New State Park to Strengthen Tiger Protection in Malaysia

Malaysia’s Terrenganu state government announced today that it has designated 25,664 acres of land formerly slated for logging as a new protected area for wildlife. This new Kenyir State Park in the Kenyir region of Terrenganu is phase one of a much larger conservation project that will encompass nearly 250,000 acres that lie within a globally important Tiger Conservation Landscape and critical wildlife corridor.

The creation and management of this new protected area is a collaborative effort involving the Terengganu state government and the local nonprofit organization Rimba, in partnership with Rainforest Trust and Panthera.

“This new protected area not only brings more key wildlife habitat under protection, but also protects vital forested watersheds that provide important ecosystem services to the people of Terengganu,” said Dr. Sheema Abdul Aziz, President of Rimba.

Estimated at more than 130 million years old, the dipterocarp forest in the Kenyir State Park is now permanently protected from logging and secured from further development. Over a dozen Critically Endangered Malayan Tigers have been recorded in the area, while the global population is established at fewer than 250 mature individuals in the wild.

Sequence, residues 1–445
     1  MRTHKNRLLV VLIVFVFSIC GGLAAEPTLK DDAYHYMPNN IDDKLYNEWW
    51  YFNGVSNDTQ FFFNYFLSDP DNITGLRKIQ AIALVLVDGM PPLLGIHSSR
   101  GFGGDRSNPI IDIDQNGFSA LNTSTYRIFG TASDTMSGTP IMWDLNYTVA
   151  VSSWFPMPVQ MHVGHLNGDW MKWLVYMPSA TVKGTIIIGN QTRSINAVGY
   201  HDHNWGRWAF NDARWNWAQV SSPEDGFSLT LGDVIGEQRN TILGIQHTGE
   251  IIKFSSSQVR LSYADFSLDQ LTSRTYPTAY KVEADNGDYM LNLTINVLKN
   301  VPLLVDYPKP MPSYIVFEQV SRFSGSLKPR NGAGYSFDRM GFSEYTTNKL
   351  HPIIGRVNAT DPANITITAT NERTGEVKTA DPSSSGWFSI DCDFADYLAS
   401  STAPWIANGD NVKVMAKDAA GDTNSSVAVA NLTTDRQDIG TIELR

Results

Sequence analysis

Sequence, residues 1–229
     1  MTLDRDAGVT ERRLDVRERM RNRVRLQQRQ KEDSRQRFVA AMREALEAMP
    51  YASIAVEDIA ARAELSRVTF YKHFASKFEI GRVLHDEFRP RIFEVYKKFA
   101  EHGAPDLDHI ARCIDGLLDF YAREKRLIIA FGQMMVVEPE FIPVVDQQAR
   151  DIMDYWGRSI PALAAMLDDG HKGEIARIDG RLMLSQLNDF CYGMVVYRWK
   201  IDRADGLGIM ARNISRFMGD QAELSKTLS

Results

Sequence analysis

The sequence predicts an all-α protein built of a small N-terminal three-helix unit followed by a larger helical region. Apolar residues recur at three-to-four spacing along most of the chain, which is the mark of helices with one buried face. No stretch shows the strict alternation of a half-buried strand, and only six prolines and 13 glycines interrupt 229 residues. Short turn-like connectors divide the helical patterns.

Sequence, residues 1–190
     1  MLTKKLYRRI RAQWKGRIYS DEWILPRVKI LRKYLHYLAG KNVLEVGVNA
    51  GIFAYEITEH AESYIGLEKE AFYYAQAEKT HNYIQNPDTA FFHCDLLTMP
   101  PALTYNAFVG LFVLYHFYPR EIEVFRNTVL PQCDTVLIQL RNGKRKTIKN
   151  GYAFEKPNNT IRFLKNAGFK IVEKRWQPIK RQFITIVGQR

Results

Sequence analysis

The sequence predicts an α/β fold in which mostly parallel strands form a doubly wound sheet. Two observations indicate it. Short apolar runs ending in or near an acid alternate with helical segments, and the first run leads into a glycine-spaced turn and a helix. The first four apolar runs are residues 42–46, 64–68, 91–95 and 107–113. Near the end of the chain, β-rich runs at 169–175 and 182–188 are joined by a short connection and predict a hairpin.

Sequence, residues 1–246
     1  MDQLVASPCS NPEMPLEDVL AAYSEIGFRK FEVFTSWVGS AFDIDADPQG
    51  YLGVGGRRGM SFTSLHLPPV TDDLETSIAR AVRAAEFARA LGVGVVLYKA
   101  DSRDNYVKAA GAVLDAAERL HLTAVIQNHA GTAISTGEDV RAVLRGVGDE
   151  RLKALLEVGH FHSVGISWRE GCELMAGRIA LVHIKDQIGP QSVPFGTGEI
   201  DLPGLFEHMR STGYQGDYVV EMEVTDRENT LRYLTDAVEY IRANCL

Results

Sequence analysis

“The importance of this area simply cannot be underestimated,” said Rainforest Trust Chief Executive Officer Dr. Paul Salaman. “The creation of the new park is a rare and unparalleled opportunity to protect a spectacular and imperiled tropical forest harboring what is certainly one of the planet’s most awe-inspiring predators – the Malayan Tiger.”

The forests of the new park contain some of the highest biodiversity in Asia and are home to 18 highly threatened mammal species, including the Asian Elephant, Sunda Pangolin, Malay Tapir, Dhole and White-handed Gibbon. Six of Malaysia’s eight wild cat species prowl these forests.

“These apex predators face tremendous pressure from poaching, fuelled by the illegal trade in their body parts for traditional Chinese medicine,” said Dr. Gopalasamy Reuben Clements, lead investigator of Rimba’s Project Harimau Selamanya and Associate Professor at Sunway University.